(Again, we do not usually review movies here, but we appreciate the fact that script-writing is an integral part of the movie-making process, and when there is significant focus on screenplay, some movies are difficult to ignore)
MOVIE TITLE: BODY LANGUAGE
Year Of Release: 2017
Cast: Ramsey Nouah, Tana Adelana, Ken Erics, Lawretta Richards, Emem Ufot
Producer: Emem Isong
Director: Moses Inwang
“Body Language” follows the story of a lady named Tola Sadiq (Adelana), who works as a marketing specialist in an interior decorating company, but at night goes by the name Amber at an exquisite strip club, where she works as a high-grade exotic dancer. She climbs to the top of the chain at her night job after the gruesome murder of Anita, her colleague. More ladies in various fields die in the following weeks, and it becomes common knowledge that there is a serial killer on the loose, simply known as “The Lagos Ripper”. Tola has to shuttle her two careers and a long-term relationship with Lancelot (Erics).
One night, Tola/Amber gets a request for a private dance session from golf-loving, bird-watching Nick Yahaya (Nouah), who pays her a thousand dollars. This goes on for a couple of nights, but things get complicated when Tola has to pitch a business idea at her day job, and it turns out that the prospective client company is run by Yahaya. Both Tola and Yahaya now have to balance the duality in their respective lives, trying hard to keep the lines from getting blurred and/or blowing any covers.
The movie is rated 18, and while we would have loved to see a bit more skin, the cast and crew deserve full credit for daring to experiment; for a conservative country and movie industry, there is significant flesh on display. Whether Adelana’s moves were enough to stir the crotch is left for frequent strip club goers, but you cannot say she didn’t practice for this movie. Her ability to establish excellent on-screen chemistry with Nouah’s character is worthy of commendation. Speaking of Nouah, he shines in this one, with top-notch role interpretation as an steely, calculative character, there is a real edge to his performance like we haven’t seen from Nollywood leading men in a while, even the fact that he puffs a bit too much of that Cuban cigar takes nothing away from his acting here. Ken Erics is a darling of the low-budget, Asaba-based side of things, and it is interesting to wait and see how he fares in this clip, but he pretty much aces his role as a doting, oblivious, clingy (and ultimately heartbroken) lover, and the penultimate scene in which he appears is particularly memorable for his comic value.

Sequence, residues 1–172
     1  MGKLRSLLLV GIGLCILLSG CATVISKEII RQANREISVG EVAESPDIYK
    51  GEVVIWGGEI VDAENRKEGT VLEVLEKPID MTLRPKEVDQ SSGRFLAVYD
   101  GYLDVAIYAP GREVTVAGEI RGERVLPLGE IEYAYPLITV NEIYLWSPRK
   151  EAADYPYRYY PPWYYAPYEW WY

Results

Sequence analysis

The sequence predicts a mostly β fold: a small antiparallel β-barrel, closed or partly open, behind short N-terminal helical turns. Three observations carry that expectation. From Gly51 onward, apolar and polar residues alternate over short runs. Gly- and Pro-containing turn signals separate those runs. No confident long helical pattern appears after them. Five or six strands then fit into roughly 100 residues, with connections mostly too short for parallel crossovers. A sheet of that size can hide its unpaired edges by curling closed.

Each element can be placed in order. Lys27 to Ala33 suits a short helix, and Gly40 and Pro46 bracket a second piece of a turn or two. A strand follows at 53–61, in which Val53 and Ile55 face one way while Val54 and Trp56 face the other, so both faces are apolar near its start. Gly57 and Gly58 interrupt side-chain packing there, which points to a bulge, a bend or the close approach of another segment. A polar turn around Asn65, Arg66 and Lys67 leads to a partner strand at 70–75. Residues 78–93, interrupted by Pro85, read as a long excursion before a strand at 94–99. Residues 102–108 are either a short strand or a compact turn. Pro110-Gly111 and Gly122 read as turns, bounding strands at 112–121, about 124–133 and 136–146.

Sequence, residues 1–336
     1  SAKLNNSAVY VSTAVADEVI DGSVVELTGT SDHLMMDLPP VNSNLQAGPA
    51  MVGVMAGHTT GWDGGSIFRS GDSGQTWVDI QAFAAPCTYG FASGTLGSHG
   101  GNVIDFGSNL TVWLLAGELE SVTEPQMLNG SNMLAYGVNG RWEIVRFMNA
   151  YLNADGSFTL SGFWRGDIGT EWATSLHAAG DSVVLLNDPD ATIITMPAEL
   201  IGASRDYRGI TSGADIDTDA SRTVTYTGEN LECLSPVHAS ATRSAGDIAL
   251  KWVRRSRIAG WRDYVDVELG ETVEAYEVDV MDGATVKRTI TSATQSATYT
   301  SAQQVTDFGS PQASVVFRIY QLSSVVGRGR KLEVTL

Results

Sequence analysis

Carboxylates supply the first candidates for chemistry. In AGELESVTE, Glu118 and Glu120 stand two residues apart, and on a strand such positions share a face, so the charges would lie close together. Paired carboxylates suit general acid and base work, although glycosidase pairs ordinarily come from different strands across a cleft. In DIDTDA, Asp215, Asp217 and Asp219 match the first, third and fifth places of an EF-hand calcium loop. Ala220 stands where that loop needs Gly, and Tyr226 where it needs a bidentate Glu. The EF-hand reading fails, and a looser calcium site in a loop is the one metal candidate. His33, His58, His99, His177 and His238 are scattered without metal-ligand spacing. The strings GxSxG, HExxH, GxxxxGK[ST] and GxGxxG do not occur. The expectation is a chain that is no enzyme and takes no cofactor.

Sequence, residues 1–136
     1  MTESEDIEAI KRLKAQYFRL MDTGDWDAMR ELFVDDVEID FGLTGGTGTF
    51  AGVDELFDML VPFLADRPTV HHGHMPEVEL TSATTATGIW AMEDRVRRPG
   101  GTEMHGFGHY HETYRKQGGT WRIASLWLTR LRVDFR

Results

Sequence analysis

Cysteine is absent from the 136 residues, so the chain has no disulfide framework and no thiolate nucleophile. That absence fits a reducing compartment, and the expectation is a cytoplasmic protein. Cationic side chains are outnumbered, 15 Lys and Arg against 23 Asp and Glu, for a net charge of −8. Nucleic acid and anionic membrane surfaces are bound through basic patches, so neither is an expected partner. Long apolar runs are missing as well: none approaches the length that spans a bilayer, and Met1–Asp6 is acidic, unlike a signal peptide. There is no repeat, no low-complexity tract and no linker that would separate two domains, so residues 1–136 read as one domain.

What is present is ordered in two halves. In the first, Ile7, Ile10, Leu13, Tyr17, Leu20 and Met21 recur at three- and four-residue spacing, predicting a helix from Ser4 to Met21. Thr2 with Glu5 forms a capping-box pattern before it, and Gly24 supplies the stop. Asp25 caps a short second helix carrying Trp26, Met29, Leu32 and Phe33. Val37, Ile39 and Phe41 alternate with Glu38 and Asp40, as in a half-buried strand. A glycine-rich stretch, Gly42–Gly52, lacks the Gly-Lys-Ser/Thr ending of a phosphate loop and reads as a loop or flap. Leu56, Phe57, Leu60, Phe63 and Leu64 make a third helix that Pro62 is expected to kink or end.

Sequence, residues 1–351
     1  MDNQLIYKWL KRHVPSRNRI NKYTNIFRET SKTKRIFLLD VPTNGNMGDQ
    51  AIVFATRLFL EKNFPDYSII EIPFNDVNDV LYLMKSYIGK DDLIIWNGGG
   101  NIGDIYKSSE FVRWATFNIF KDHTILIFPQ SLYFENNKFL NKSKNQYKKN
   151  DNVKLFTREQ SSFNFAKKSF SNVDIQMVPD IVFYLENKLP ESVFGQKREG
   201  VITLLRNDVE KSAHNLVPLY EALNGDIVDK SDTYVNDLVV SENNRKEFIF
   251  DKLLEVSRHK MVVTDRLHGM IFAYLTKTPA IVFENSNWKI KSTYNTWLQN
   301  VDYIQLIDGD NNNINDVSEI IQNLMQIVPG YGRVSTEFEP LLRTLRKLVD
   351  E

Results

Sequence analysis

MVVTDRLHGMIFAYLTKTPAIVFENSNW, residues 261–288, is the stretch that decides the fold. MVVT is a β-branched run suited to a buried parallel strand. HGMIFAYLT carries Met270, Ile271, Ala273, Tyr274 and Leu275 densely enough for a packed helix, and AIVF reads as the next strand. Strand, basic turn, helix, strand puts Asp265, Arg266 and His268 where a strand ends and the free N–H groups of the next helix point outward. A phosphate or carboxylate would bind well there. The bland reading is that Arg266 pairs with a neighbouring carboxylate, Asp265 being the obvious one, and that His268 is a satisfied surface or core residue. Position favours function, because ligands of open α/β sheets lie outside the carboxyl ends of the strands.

Cinematography is pretty good in this movie, the transition in scenes is excellent, and the guys in charge of the screenplay should be applauded for giving nothing away. Beyond exploring mind games, expression of sexuality and a bit of feminism, the plot itself is quite the catch, with an unexpected twist at the end. As for the dialogue, it is unforced and well above average.
There are just a few loopholes impossible to ignore. In the final scene, Yahaya states that he began to stalk Tola after the death of his daughter, who was murdered a day before his return from England. How does a man relocate, set up a company and figure out the identity of his target in a matter of weeks? It would have plausible if there had been a wide passage of time, but that side of things looks pretty shaky, unless the producers are trying to make us believe that a long time passed between the killings and Tola’s first meeting with Yahaya, which didn’t look like the case at all. Again, for a cold-blooded murderer who could possibly be under surveillance, the serial killer seemed to have let down their guard in the course of the film; in the movie’s defence though, no one could have suspected who it was. The idea of a Nigerian strip club accepting dollar payments also causes scratching heads too.
With its rough edges, “Body Language” is still a really decent effort, and in terms of movie plots, it is one of the better movies to have made it to cinemas this year. There were not many characters in this, so both lead actors deserve a few pats on the back, and while the jury is out as to how memorable this feature film would turn out to be, at least we can say that Nollywood is no longer far off when it comes to quality storytelling.
Jerry Chiemeke is a lawyer, author, editor and critic. His stories have been published in the Kalahari Review, Brittle Paper, Syn City, The Musty Corner. He critiques African literature for Okadabooks, and he runs a personal blog, Chi’s Epistles